In 16-bit Windows, when a program started, the OS passed it a unique handle called an HINSTANCE. It would also be passed the HINSTANCE of a currently running process using the same executable (if any). In those days, that was probably the most common way for the program to know if a copy was already running. In 32-bit Windows, with protected memory, process-specific address spaces, and the end of cooperative multitasking, the HINSTANCEs no longer carried the same meaning.

A small number of apps do this simply for "usability", but for many others, there may be a good reason to enforce singletons. Bypassing that could lead to data corruption or simply failing to run.


You can run application on different users accounts and instance checking will not work anymore.


It is possible!

Here is an image of me running half-life 1 4x in 4 windows all connected to the same LAN server, the only problem is the controllers not being independently linked to each window.


To do this, you need 'Process Explorer' - a program that allows you to do what is known as 'Close Handle' on the '\BaseNamedObjects\ValveHalfLifeLauncherMutex' sub-process or something. its not that hard. go here for detailed instructions - http://am.half-lifecreations.com/forums/index.php?topic=479.0

But yeah that's for half-life but get Process Explorer and im sure you'll be able to find which handle/process you need to close in order to get the programs u want running multi times.

I dont see why windows doesn't implement running games multi times in splits/snaps as a feature anyway! its clearly because people wouldn't buy as many PC's... also check out SoftXSpand really awesome, allows u to run multiple instances of windows as independent users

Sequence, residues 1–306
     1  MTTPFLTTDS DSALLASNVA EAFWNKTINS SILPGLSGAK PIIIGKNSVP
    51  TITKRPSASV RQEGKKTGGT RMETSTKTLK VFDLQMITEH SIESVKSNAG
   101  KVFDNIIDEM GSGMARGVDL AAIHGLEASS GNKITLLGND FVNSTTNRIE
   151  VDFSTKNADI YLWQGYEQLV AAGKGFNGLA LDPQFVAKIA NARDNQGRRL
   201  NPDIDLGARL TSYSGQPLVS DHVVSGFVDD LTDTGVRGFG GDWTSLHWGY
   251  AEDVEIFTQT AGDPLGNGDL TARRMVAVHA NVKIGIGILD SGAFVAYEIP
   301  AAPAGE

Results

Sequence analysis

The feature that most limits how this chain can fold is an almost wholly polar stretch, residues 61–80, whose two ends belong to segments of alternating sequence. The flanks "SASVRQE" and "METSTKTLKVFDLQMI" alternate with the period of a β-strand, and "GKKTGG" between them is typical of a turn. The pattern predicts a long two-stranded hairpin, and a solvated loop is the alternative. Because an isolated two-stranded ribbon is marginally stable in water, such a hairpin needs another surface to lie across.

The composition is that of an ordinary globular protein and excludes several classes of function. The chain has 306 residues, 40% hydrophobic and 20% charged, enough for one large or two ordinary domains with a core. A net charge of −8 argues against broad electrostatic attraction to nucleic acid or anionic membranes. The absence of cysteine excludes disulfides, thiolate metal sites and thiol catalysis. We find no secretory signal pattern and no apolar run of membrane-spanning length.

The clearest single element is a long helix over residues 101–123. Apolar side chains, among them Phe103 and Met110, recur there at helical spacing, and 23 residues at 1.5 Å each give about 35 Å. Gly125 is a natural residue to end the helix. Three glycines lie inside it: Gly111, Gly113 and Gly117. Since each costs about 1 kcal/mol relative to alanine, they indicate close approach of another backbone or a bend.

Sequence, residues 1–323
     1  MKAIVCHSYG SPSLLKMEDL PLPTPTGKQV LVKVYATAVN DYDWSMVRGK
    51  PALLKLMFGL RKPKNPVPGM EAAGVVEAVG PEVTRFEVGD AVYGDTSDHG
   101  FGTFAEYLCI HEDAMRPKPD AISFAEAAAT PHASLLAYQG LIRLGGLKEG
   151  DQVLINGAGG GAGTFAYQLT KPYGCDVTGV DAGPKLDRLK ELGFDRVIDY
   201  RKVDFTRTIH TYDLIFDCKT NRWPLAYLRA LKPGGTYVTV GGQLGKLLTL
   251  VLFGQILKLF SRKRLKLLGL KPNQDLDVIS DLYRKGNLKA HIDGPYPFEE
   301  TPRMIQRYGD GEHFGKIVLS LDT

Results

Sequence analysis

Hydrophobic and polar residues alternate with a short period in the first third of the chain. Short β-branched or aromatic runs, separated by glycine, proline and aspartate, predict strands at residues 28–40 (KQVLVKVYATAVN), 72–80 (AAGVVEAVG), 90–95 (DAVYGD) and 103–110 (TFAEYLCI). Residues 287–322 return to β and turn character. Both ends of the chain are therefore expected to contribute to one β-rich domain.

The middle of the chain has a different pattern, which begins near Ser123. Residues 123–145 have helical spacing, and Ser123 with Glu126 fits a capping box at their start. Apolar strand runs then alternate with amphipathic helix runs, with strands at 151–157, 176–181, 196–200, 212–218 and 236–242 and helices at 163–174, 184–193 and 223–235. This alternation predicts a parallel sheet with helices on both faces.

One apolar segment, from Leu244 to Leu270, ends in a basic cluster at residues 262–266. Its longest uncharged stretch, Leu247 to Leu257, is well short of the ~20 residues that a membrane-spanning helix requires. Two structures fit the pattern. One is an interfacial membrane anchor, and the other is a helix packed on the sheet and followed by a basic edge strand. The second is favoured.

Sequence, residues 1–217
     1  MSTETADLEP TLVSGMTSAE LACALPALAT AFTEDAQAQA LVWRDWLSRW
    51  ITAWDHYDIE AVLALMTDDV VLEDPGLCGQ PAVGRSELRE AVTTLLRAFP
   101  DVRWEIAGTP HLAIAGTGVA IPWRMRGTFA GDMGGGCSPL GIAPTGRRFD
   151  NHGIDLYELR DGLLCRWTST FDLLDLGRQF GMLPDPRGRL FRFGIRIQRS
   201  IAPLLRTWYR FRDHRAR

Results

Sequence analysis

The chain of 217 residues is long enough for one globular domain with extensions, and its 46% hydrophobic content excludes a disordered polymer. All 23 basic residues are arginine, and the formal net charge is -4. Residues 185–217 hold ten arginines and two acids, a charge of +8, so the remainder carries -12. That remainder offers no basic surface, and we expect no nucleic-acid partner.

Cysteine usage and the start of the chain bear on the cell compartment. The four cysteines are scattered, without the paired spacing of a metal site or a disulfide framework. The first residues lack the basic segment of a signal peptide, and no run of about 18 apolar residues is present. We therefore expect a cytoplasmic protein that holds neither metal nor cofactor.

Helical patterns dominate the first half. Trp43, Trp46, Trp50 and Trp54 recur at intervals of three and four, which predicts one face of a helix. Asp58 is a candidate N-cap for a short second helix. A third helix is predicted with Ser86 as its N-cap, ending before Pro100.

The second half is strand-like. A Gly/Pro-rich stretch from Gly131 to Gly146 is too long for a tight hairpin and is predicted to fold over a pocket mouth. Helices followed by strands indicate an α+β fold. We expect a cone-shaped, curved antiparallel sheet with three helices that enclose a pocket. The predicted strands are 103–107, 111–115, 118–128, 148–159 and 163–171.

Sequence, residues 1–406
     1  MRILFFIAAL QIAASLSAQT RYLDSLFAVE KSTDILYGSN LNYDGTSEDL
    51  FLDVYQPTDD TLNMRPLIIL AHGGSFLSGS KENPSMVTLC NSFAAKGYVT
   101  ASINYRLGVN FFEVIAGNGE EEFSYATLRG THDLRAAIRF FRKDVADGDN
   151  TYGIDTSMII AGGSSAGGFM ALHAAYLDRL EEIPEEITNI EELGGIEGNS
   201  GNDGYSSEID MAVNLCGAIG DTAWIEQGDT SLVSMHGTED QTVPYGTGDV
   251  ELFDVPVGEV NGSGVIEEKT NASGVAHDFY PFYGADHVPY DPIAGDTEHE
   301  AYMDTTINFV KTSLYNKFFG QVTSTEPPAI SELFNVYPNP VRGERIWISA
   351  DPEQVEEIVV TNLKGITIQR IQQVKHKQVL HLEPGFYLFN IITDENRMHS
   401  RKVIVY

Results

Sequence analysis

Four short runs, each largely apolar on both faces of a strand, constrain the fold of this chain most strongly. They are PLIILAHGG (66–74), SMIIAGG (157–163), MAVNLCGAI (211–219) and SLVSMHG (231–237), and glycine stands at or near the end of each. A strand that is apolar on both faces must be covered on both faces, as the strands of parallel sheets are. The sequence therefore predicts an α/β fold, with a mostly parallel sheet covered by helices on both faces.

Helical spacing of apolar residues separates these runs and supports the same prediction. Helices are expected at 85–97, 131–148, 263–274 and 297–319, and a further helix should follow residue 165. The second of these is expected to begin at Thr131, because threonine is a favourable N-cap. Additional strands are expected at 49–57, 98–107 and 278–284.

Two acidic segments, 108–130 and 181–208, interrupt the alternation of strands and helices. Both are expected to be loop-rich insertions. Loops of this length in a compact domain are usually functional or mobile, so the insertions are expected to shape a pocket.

• Close a mutant handle works for me. It's not half-life but using a mutex on the programmer's side is pretty common so this solution is kind of generic.
    – AZ.
    Commented Mar 27, 2014 at 16:49
  • 1
    It's not because people wouldn't buy more PC's. It's because the developers wanted only singleton instances. Commented Apr 22, 2020 at 18:01

In Windows 8 and newer, you hold the Shift key and click the programs' icon/button on taskbar. This will launch the executable again. If the app does not self check for clones, you will have a new window.

This will ofcourse potentially create conflicts with the app internal files if it opens for example an internal sqlite file, so you must really know what you are doing or don't care if something breaks.


Lock files, named pipes and synchronisation events are some of the common ways applications use to check they're the only running instance. To work around lock files you'd either have to virtualise the file system, hook into it or do a carefully timed delete (and that may not work if it locks the file open too). Named pipes and synchronisation events will be much more difficult because you don't have the same control from outside the application that you do with files.


Windows 10 provides sandbox feature to run a program in isolation. Sandbox Docs.

You can also use Sandboxie, now free!

  • 1
    Windows 10 sandbox only allows 1 instance, but Sandboxie is great.
    – user224219
    Commented Apr 28, 2021 at 11:27
  • Yup. Sometimes it is helpful! Not as good as a fully blown VM, but sometimes a full VM node is not needed.
    – GTodorov
    Commented Apr 29, 2021 at 3:00